WAMU 88.5 : News

Filed Under:

Former UMD Students Sentenced For Shooting Threats

Play associated audio
A former University of Maryland student was arrested last March for making threats of shooting rampage.
http://www.flickr.com/photos/carmichaellibrary/5062733121/
A former University of Maryland student was arrested last March for making threats of shooting rampage.

Alexander Song was arrested last March after making an online threat of a shooting rampage, saying he hoped he could "kill enough people to make it to national news."

Police never found any guns in his possession, however, and now, Song will not spend any time in jail.

He pleaded guilty to charges of disturbing the peace at a college, and misuse of telephone facilities, and was sentenced Thursday to three years of supervised probation. Prosecutors say they support the punishment.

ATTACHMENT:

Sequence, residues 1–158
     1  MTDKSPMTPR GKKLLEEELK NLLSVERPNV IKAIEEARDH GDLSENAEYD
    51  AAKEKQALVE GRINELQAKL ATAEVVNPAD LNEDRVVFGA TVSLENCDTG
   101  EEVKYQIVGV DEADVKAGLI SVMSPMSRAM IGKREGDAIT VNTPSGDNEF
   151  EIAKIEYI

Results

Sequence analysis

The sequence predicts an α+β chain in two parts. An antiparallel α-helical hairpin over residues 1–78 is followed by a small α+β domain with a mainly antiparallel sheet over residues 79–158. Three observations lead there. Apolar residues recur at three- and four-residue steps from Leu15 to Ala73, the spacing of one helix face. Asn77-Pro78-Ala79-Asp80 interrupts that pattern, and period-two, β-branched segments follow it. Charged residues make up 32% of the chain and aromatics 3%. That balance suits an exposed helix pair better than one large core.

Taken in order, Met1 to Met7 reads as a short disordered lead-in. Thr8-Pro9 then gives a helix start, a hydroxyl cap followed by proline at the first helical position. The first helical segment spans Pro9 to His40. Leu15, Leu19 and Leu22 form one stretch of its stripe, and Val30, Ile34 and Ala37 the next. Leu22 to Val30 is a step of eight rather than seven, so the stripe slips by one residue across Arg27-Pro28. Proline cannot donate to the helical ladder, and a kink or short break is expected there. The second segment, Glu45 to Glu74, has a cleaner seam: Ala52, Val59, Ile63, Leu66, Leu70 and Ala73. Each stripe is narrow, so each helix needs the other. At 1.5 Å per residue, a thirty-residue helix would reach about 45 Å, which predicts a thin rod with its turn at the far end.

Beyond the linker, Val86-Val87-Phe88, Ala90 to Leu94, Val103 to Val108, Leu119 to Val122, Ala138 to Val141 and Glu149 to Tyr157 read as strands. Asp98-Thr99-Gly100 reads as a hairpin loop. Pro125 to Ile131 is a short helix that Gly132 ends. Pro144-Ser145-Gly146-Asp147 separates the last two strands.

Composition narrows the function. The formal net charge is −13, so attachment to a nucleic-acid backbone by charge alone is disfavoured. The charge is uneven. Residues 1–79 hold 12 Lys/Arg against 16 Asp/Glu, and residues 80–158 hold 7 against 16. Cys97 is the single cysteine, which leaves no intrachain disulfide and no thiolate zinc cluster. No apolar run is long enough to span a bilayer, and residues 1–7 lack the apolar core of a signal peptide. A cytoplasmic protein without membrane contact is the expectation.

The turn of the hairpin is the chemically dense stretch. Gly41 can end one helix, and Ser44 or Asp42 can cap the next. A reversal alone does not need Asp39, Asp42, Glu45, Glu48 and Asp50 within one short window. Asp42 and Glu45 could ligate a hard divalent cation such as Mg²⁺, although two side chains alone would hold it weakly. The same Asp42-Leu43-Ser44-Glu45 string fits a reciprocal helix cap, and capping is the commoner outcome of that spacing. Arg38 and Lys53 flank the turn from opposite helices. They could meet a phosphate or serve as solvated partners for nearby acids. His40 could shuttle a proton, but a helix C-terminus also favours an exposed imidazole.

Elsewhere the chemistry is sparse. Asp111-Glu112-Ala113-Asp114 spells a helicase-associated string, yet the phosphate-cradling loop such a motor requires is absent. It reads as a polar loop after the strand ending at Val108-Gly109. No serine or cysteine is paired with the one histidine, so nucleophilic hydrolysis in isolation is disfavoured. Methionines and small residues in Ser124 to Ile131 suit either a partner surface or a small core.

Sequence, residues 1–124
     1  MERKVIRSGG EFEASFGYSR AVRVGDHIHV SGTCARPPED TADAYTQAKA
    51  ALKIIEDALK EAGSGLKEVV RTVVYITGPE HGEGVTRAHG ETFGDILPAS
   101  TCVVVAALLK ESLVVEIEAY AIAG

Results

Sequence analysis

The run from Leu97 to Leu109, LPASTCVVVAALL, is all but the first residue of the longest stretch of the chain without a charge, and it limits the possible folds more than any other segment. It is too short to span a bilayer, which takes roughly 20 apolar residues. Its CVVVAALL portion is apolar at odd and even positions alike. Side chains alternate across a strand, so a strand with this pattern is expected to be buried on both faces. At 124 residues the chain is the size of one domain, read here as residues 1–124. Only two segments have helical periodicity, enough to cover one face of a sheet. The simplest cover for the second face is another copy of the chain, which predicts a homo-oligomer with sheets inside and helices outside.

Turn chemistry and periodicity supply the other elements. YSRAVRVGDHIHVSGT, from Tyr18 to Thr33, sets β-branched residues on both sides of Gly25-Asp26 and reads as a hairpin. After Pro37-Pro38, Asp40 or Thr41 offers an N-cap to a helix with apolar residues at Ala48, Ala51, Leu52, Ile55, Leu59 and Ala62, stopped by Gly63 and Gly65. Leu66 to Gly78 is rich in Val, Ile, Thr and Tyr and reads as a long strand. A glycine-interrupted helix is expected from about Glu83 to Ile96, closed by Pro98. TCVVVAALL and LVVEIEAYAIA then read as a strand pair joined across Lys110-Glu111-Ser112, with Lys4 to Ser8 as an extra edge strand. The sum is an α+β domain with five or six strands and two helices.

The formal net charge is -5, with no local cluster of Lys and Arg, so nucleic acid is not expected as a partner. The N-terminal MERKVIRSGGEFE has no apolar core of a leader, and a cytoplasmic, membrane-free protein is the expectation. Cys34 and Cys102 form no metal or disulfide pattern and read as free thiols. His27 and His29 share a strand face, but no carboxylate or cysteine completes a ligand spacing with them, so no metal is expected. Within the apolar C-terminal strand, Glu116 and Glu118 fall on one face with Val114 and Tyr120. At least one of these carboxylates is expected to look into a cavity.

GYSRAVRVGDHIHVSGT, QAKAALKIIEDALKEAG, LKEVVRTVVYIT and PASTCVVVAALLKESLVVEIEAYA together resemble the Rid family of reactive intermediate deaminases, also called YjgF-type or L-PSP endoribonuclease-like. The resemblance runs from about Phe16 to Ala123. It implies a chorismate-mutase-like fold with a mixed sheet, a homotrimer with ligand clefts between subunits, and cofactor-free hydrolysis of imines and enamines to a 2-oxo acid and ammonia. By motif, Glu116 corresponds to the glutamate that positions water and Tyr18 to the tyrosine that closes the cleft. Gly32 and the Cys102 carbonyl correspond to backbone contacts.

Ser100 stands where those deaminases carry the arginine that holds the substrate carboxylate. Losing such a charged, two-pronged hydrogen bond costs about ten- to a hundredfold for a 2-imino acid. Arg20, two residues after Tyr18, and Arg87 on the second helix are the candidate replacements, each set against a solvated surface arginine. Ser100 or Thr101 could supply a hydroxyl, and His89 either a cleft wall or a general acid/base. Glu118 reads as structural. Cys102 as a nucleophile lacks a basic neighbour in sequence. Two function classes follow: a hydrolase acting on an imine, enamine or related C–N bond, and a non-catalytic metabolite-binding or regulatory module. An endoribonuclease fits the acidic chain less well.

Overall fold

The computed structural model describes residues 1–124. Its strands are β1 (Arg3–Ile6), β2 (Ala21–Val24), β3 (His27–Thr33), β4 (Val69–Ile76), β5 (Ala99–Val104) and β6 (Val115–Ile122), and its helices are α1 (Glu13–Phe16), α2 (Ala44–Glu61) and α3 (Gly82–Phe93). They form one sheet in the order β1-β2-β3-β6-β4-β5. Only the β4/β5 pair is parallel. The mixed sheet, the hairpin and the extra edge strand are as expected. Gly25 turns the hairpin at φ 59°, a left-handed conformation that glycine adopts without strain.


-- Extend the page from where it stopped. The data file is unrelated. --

Song remains banned from the College Park campus.

Meanwhile, Prince George's County prosecutors say they are drafting a bill to make it a crime to make generalized threats by phone and email.

NPR

At 81, Disney's First African-American Animator Is Still In The Studio

First hired in the 1950s, Floyd Norman is still drawing. "Creative people don't hang it up," he says. "We don't walk away, we don't want to sit in a lawn chair. ... We want to continue to work. "
NPR

America's Real Mountain Of Cheese Is On Our Plates

To help dairy farmers hurt by a glut, the USDA said this week it'll buy $20 million worth of cheese and give it to food banks. But we eat so much of the stuff, that's hardly a drop in the bucket.
WAMU 88.5

Friday News Roundup - International

Italy searches for survivors after a devastating earthquake. Turkey escalates its role in the fight against ISIS. And Colombia and the FARC rebels sign a peace treaty ending a half-century-long guerrilla war. A panel of journalists joins guest host Derek McGinty for analysis of the week's top international news stories.

NPR

WhatsApp Will Start Sharing Data, Including Phone Numbers, With Facebook

It will also test new ways for businesses to communicate with users on the app. The privacy policy changes mark the long-expected move by Facebook to begin making money from the free app.

Leave a Comment

Help keep the conversation civil. Please refer to our Terms of Use and Code of Conduct before posting your comments.